(3) The discussion leaves it quite probable, though not yet certain, that all the works are “independent elaborations-perhaps at first hand, perhaps at second or third-of some older tract not now extant.”9 Some of the opinions held respecting the relations of the two principal works are given by the Edinburgh translator in his Introductory Notice. It is only necessary here to indicate the progress of the modern discussion. Neander, as early as 1818, gave some prominence to the doctrinal view of the Homilies. He was followed by Baur, who found in these writings, as indicated above, support for his theory of the origin of historical Christianity. It is to be noted, however, that the heterogeneous mixture of Ebionism and Gnosticism in the doctrinal views proved perplexing to the leader of the Tübingen school. Schliemann took ground against Baur, collecting much material, and carefully investigating the question. Both authors give the priority to the Homilies. While Baur went too far in one direction, Schliemann, perhaps, failed to recognise fully the basis of truth in the position of the former. The next important step in the discussion was made by Hilgenfeld, whose views are briefly given in the Notice which follows. Hilgenfeld assigned the priority to the Recognitions, though he traced all the literature to an earlier work. Uhlhorn at first attempted to prove that the Recognitions were a revision of the Homilies. Further contributions were made by Lehmann and Lipsius. The former discovered in the Recognitions two distinct parts by different authors (i.-iii., iv.-ix.), tracing all the literature to the Kerygma of Peter. The latter finds the basis of the whole in the Acta Petri, which show a strong anti-Pauline tendency.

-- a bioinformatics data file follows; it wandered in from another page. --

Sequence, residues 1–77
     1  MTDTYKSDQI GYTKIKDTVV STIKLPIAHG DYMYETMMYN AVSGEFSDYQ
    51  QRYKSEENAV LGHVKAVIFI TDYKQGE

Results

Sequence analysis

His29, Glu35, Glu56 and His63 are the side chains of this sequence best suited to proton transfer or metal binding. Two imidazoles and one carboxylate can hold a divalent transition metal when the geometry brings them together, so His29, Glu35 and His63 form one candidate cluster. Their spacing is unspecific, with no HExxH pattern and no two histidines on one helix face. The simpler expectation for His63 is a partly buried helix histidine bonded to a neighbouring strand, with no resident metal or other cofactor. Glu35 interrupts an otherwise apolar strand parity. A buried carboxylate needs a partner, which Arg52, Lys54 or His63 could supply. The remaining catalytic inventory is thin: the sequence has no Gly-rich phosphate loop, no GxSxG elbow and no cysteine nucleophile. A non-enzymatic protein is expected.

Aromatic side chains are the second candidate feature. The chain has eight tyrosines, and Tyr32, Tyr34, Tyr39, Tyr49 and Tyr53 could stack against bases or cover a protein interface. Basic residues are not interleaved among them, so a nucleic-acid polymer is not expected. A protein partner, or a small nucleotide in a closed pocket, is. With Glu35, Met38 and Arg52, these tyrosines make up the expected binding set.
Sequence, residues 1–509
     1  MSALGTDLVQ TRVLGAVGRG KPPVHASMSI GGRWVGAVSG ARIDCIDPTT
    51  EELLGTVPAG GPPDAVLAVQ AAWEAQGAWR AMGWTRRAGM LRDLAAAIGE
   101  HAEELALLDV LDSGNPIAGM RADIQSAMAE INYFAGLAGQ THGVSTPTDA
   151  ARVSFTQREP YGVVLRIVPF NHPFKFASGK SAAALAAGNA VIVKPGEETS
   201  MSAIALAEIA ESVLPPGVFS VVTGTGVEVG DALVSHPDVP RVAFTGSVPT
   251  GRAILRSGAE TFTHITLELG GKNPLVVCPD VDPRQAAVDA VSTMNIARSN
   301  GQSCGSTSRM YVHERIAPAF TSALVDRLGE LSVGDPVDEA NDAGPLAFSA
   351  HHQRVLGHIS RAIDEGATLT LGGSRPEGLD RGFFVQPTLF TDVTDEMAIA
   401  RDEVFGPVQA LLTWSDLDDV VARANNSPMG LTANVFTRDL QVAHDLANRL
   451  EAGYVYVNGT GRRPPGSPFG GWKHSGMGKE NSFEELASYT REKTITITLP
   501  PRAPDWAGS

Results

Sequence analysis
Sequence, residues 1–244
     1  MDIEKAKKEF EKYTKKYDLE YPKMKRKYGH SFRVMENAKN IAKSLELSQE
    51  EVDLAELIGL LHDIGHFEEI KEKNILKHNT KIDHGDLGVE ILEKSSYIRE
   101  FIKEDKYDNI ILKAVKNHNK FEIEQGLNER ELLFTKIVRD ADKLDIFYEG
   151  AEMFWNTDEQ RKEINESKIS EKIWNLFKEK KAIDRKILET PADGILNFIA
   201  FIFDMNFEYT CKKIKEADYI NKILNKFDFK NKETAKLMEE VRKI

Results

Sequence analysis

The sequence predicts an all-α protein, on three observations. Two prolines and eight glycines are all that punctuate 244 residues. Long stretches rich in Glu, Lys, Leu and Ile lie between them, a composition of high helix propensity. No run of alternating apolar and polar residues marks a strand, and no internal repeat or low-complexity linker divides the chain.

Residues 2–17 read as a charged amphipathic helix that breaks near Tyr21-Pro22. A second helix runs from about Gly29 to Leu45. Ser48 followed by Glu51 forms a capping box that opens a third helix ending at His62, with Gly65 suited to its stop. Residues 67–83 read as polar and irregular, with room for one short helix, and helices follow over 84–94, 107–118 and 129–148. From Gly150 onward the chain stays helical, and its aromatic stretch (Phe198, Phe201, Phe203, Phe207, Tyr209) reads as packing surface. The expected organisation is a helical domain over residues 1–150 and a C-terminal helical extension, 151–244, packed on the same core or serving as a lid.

Influenced by these investigations, Uhlhorn modified his views. Lechler, while not positive in his convictions, makes the following prudent statement: “An older work lies at the basis both of the Homilies and Recognitions, bearing the title, Kerygmen des Petrus. To this document sometimes the Homilies, sometimes the Recognitions, correspond more faithfully; its historical contents are more correctly seen from the Recognitions, its doctrinal contents from the Homilies.” Other views, some of them quite fanciful, have been presented.

The prevalent opinion necessarily leaves us in ignorance of the authors of this literature. The date of composition, or editing, cannot be definitely fixed. In their present form the several works may be as old as the first half of the third century, and the common basis may be placed in the latter half of the second century.

How far the anti-Pauline tendency is carried, is a matter of dispute. Baur and many others think Simon is meant to represent Paul; but this is difficult to believe, though we must admit the disposition to ignore the Apostle to the Gentiles. As to the literary merit of these productions the reader must judge.